Mike was proud of his girl. He knew not everyone would have been – how could anyone with her family’s money find anything to complain about? – but he knew the kind of strain she was under. The weight she was carrying on her elegant shoulders. On the way to New York and their connecting flight at JFK, every time her mother twisted around to say something, Delta made a grab for his hand on the armrest. He was just glad that she was leaning on him instead of pulling away from him like she’d done for so long. She was so scared of this wedding that it was starting to rub off on him, but if she kept reaching for his hand, he thought they’d survive it. Hopefully. Though her strange mood this morning was making his palms itch.
In Dublin they changed planes and rode a too-small, rattling tin can across all the misty green of Ireland to the other side of the isle. They touched down in Galway, loaded into vans emblazoned with the Billingsly crest. And then…they were there.
The first breath of clean air he’d sucked in all day went down into his lungs: wet and green and smelling of the lake that lay behind them shimmering and black. Mike’s shoes touched down onto crushed gravel and he was dimly aware of walking forward, his hand floating at the small of Delta’s back. All he could see were the massive stone wings of the castle that blocked the sky and put to shame every pamphlet photo he’d seen of the place.
Billingsly was incredible. He wished he’d read the brochures because he wished he knew the history behind the odd combination of architectural style: the hundreds of mullioned windows that caught the evening sun and shattered it; the steep peaks and jagged teeth of the roofline to his left; the broad merlons on the wing to his right. The structure sat in a bed of gardens, and lawns stretched emerald away from it, on and on until they hit the lake and forest. There was a fountain behind him that rushed loud as a rainstorm, and the staff coming down to meet their arrival – down wide stones steps and between flickering coach lamps – looked straight out of the novels Delta read.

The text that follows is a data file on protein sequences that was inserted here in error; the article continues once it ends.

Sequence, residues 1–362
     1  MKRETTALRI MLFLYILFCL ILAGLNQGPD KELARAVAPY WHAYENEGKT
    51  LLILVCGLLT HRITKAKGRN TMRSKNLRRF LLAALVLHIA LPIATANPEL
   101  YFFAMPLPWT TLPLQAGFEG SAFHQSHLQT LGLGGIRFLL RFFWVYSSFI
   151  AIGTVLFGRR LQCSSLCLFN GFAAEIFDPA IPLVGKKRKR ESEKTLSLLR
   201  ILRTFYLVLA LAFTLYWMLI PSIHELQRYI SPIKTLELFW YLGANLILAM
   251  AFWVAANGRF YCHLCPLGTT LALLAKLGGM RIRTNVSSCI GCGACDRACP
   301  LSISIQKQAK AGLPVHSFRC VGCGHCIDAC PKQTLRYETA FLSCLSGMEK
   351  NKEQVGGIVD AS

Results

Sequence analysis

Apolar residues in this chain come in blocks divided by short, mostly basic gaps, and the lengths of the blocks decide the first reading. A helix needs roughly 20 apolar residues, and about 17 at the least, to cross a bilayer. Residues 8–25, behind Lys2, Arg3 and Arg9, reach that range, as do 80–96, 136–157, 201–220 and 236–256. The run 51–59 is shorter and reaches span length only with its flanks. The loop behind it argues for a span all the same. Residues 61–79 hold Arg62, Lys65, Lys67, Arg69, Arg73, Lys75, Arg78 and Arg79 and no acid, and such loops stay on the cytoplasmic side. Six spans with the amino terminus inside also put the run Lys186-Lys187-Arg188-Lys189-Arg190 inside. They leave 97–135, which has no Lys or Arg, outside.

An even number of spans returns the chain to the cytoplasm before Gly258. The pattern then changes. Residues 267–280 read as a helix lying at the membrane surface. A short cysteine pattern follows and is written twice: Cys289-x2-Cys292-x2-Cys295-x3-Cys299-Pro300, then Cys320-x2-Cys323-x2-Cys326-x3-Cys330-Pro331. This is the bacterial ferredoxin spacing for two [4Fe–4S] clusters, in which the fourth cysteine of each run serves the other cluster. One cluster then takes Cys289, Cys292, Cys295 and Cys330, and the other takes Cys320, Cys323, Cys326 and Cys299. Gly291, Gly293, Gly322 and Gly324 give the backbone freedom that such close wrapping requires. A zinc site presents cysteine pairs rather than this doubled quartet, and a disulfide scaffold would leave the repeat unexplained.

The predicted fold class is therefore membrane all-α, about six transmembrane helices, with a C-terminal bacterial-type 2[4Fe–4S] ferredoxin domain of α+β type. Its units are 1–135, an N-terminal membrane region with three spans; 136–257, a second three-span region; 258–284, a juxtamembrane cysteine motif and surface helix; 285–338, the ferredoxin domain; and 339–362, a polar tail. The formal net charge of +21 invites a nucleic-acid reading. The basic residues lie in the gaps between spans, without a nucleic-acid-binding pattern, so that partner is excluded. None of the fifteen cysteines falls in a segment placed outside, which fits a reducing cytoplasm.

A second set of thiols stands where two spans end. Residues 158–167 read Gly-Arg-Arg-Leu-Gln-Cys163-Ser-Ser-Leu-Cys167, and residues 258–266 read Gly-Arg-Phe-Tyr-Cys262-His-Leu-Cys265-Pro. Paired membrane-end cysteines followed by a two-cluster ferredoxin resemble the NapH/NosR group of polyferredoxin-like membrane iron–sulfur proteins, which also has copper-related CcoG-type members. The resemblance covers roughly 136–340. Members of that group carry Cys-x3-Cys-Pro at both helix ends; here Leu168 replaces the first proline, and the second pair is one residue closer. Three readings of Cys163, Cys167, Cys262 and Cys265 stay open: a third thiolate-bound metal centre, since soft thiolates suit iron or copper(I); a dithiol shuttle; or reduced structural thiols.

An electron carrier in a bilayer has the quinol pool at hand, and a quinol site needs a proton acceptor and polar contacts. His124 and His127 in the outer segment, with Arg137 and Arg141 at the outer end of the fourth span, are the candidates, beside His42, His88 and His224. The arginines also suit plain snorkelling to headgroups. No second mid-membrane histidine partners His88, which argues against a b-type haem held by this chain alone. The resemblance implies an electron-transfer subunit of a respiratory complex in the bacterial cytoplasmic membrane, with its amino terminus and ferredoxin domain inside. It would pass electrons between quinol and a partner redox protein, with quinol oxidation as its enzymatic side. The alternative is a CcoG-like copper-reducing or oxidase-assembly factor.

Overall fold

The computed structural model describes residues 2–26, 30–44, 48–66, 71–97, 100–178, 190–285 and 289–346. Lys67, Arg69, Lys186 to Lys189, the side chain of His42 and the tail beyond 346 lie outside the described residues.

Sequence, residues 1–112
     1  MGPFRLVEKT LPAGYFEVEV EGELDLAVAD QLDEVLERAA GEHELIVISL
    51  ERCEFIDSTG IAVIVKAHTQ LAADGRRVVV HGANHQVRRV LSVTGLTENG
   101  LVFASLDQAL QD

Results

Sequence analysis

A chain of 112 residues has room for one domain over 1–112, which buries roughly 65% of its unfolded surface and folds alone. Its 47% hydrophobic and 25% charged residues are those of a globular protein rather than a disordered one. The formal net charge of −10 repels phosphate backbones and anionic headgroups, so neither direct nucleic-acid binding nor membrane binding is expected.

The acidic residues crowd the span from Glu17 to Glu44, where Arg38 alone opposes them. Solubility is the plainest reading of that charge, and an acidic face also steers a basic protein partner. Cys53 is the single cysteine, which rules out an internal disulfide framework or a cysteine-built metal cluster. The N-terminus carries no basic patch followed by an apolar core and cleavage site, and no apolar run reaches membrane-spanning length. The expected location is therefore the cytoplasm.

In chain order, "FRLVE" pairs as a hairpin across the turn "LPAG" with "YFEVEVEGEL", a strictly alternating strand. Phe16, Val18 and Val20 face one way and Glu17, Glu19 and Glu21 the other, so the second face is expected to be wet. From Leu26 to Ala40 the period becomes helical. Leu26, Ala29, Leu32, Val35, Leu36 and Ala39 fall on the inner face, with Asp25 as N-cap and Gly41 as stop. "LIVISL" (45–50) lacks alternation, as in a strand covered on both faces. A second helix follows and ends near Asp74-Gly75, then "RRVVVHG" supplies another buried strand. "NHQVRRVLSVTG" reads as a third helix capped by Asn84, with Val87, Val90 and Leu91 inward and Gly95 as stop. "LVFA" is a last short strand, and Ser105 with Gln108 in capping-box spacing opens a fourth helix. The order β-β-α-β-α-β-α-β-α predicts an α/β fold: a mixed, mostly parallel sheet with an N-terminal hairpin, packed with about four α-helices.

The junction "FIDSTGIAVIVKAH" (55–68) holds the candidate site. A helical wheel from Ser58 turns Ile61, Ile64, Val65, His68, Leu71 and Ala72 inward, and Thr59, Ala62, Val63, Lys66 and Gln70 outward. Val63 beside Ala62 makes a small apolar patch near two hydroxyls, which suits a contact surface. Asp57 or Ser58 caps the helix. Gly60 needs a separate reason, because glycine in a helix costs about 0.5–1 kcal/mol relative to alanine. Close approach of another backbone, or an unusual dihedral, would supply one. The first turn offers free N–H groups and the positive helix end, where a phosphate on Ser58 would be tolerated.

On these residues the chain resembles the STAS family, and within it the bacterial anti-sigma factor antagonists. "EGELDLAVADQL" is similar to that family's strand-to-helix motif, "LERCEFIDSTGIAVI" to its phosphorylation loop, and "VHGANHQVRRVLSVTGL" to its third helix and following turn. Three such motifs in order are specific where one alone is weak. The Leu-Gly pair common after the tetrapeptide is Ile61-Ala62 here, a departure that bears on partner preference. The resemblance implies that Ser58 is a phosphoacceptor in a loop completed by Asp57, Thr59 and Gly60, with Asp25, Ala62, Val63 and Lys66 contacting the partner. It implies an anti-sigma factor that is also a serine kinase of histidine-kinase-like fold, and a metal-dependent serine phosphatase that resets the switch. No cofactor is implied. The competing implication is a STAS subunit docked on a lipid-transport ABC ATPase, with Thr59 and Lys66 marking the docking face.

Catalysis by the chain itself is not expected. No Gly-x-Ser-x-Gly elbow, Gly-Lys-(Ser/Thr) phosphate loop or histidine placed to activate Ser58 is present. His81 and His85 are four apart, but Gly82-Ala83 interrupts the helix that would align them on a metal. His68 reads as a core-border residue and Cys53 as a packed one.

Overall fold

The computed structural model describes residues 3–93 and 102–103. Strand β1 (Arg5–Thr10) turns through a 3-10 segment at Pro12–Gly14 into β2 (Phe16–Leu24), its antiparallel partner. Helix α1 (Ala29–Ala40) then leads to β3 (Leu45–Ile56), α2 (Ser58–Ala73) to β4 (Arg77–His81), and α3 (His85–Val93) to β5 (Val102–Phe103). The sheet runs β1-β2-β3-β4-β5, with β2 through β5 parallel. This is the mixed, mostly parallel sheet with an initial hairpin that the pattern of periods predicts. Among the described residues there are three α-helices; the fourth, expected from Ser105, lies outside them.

Movement drew his eye as Delta spun to face him, her hair flaring rich mahogany in the sun as it swung across her shoulders. He didn’t expect the tension on her face as she tipped it up to him.
“The itinerary,” she said in a rushed whisper. “Mom wants a picture of us, with the invitation, right here in front.”
He’d seen the note on the list Louise had printed, but he hadn’t expected it to cause such panic in Delta. He’d been about to admit to her that, okay, it was expensive as hell, but the place was crazy impressive…but it was clear, looking in her eyes, that she wasn’t even seeing the castle. She was seeing her mother’s itinerary and focusing only on pleasing her. Her face was pale, drawn, her hands shaking as they settled on his chest. She was rattled. Too rattled.
“Okay,” he said. “Let’s just -,”
“We have to do it now,” she insisted. Then she ducked around his shoulder and called to her father in a high, brittle voice he’d heard her use several times now. She’d had some sort of conversation with Dennis a while back and been sugary sweet with him at times since. “Daddy, get the camera!” she called. “I want you to take a picture of Michael and me as we’re arriving.” Her eyes darted back to his face and she said, “I’m so sorry,” in an undertone. Then, back to her dad: “And bring the invitation! I want the invitation in the shot!”
“Baby,” Mike caught her wrist in his hand. “Calm down.”
She shook her head. “My mom wants this. Even more, she wants me to want this, so we have to play along.”
He nodded, but worry bubbled along the edges of his conscience. Delta couldn’t keep “playing along” like this, not if she was this desperate to please. Something was going to blow up in their faces.